You never know when you are going hear or read something unrelated to writing that gives you renewed focus on putting your story into words on the page. An odd example surfaced in a writing workshop recently.
In our Longer Projects Workshop with author Sandi Kahn Shelton the other week, my colleague Bo Huhn read a passage of dialogue from his novel-in-progress. Bo’s protagonist is talking with his son, who is a Marine on the front lines in Afghanistan. The men are discussing military strategy, and the son tells his father about a lesson Ulysses S. Grant learned the first time he led men into battle in the Civil War.
According to the character of the son in Bo’s book, Grant’s Union soldiers won their initial skirmish with the Confederates on the western shore of the Mississippi River and then began celebrating and looting. Reinforced with troops from across the river, the Confederates regrouped and counterattacked, forcing Grant and his men into retreat. The experience taught Grant—Bo’s character says—that whether one is winning or losing, there always comes a point when you have an urge to back off, but you must never give in to that impulse, even when you are doing well. Instead, in Bo’s character’s words, “pound ahead.”
Bo’s character was talking about the Battle of Belmont. It took place in Missouri in 1861. After their initial success, Grant’s troops were, in his words, “demoralized from their victory.” Later, commenting about the art of war, Grant wrote, “Strike [the enemy] as hard as you can, and keep moving on.”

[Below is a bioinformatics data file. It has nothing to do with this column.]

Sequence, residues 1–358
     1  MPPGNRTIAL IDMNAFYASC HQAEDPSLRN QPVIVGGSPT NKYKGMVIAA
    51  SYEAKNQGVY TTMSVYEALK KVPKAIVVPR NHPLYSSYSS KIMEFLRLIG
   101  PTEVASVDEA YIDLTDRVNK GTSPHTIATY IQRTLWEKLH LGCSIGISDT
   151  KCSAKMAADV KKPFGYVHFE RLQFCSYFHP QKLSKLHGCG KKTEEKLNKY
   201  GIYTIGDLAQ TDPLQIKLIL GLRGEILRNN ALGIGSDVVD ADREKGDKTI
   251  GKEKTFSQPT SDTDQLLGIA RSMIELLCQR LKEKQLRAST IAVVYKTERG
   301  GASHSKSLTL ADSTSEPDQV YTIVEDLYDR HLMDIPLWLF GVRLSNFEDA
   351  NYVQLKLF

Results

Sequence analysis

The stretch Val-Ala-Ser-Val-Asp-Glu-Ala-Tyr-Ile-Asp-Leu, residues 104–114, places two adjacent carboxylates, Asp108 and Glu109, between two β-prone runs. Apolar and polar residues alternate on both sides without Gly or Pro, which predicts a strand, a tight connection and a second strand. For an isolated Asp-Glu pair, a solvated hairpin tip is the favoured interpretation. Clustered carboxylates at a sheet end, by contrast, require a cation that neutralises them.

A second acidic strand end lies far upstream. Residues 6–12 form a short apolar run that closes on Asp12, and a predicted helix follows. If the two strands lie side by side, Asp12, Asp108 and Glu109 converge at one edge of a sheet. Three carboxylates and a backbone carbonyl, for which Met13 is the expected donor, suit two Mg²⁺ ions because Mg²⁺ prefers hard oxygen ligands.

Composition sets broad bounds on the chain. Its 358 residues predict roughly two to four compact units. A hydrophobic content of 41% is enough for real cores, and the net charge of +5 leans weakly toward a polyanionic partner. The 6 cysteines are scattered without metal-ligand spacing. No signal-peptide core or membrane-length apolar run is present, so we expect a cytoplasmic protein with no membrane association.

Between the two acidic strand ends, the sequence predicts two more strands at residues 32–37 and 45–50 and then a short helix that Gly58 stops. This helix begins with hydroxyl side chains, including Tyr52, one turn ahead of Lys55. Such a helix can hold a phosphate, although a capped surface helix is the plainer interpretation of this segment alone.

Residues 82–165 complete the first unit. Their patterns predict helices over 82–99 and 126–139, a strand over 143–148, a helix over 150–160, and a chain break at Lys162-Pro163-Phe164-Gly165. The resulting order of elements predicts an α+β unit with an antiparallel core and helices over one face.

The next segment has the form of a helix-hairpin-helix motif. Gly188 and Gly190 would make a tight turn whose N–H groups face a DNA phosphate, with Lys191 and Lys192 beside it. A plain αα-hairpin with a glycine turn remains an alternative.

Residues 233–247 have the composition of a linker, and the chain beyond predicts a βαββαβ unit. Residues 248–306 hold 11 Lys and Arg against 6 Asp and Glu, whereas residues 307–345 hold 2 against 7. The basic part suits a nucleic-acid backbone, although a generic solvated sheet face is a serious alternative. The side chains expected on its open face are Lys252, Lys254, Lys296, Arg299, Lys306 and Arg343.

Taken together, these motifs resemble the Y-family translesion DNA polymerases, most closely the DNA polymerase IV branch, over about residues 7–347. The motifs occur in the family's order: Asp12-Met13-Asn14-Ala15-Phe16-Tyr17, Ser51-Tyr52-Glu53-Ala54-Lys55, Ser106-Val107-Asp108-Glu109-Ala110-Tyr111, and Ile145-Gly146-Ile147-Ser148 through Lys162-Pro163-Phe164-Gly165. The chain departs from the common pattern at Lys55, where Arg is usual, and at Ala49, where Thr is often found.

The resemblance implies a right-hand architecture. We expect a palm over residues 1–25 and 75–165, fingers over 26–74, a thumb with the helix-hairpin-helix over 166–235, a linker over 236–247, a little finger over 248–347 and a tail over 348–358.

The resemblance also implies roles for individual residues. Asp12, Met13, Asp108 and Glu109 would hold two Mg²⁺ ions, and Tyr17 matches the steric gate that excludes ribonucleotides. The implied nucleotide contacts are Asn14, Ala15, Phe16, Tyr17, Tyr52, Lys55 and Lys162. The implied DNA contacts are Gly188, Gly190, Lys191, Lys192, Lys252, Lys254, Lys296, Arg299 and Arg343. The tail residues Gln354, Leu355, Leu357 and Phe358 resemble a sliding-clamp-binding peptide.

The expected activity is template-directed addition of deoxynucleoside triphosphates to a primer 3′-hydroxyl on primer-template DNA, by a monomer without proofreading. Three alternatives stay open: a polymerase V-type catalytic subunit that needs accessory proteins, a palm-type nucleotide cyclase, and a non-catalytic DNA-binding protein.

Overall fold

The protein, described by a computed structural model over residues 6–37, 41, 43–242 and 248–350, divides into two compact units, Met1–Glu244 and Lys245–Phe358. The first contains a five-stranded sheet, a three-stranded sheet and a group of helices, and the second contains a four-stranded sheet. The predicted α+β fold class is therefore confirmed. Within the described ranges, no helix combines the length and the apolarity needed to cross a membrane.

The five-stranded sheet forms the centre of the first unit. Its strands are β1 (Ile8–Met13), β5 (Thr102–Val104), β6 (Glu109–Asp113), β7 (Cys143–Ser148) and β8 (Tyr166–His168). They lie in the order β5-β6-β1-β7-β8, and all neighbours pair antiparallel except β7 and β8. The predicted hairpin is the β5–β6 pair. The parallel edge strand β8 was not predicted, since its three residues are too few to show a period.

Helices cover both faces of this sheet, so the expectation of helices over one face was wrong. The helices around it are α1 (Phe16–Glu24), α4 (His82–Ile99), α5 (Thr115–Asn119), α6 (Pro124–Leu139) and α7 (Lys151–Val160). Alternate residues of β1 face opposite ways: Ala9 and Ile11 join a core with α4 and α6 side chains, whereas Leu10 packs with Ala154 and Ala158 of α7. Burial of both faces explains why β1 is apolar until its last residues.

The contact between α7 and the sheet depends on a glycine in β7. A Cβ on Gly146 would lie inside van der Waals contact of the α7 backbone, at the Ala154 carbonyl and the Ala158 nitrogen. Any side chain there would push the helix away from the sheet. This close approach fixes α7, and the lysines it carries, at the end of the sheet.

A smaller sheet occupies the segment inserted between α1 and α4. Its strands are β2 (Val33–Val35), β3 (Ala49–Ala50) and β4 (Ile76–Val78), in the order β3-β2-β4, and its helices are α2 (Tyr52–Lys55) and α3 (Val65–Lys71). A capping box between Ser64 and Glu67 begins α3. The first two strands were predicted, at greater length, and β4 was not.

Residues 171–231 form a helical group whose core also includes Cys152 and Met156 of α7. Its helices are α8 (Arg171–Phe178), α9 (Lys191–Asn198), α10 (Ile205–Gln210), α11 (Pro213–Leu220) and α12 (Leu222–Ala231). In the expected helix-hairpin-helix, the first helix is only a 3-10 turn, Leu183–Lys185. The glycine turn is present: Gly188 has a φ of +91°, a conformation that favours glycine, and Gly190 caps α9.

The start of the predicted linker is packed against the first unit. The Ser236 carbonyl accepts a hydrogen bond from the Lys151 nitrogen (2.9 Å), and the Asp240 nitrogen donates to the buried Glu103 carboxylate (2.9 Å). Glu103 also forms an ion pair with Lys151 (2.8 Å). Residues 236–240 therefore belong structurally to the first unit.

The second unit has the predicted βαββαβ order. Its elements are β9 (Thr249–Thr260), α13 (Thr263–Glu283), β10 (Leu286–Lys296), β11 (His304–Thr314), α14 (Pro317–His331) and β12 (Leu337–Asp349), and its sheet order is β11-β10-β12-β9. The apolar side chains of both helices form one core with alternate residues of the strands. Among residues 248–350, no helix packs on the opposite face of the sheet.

For many first-time book writers, completing your story is a nearly insurmountable challenge. You can come out of a workshop session euphoric about the reception your work has received, or discouraged about how much revision you need to do to make it better. You can take satisfaction in how the pages piling are up, but remain daunted by how many remain unwritten and how the whole story is holding together. The optimism/pessimism oscillations can prove such a stubborn enemy on a long piece of writing that you just want to step away for a while.
But don’t let your wavering deter you from your ultimate objective. For Grant, the ultimate objective was winning the Civil War. For you, me and all writers hoping to one day publish first novels, mystery author Laura Lippman sums the objective up succinctly in a list of advice on her website—“Step # 1: Finish the damn book.”
When I heard Bo’s characters talking about U.S. Grant, I thought of Lippman’s advice. Put the two together and you have a simple formula for achieving your objective.
Pound ahead on your story by continuing to pound on the computer keys, and you’ll finish the damn book.—Alex McNab